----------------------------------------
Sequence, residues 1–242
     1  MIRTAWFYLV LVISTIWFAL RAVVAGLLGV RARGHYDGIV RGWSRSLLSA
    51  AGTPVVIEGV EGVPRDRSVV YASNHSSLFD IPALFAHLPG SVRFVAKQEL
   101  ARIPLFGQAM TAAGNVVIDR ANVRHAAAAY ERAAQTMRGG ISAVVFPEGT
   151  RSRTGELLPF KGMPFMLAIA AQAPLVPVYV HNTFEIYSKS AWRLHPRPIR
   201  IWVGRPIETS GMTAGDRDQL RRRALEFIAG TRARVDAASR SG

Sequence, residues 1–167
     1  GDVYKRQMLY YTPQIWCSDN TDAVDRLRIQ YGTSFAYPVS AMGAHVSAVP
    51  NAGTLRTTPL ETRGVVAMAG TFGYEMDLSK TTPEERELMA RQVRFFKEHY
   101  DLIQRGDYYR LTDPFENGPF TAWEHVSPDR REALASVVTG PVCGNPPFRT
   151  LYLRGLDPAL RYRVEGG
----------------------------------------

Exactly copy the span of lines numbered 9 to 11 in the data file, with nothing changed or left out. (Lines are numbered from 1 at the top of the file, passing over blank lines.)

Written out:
    51  NAGTLRTTPL ETRGVVAMAG TFGYEMDLSK TTPEERELMA RQVRFFKEHY
   101  DLIQRGDYYR LTDPFENGPF TAWEHVSPDR REALASVVTG PVCGNPPFRT
   151  LYLRGLDPAL RYRVEGG